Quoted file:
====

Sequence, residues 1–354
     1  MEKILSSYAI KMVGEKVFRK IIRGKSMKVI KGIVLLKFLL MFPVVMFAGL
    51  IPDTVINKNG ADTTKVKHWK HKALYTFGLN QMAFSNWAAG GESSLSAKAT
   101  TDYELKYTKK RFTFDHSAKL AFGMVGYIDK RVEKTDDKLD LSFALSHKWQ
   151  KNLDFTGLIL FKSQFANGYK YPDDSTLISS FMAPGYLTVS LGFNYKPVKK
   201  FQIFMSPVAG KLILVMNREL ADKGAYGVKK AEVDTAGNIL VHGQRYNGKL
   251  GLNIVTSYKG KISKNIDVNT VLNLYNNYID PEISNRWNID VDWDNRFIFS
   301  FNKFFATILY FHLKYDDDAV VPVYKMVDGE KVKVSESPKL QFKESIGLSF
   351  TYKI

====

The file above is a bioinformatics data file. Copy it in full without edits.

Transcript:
Sequence, residues 1–354
     1  MEKILSSYAI KMVGEKVFRK IIRGKSMKVI KGIVLLKFLL MFPVVMFAGL
    51  IPDTVINKNG ADTTKVKHWK HKALYTFGLN QMAFSNWAAG GESSLSAKAT
   101  TDYELKYTKK RFTFDHSAKL AFGMVGYIDK RVEKTDDKLD LSFALSHKWQ
   151  KNLDFTGLIL FKSQFANGYK YPDDSTLISS FMAPGYLTVS LGFNYKPVKK
   201  FQIFMSPVAG KLILVMNREL ADKGAYGVKK AEVDTAGNIL VHGQRYNGKL
   251  GLNIVTSYKG KISKNIDVNT VLNLYNNYID PEISNRWNID VDWDNRFIFS
   301  FNKFFATILY FHLKYDDDAV VPVYKMVDGE KVKVSESPKL QFKESIGLSF
   351  TYKI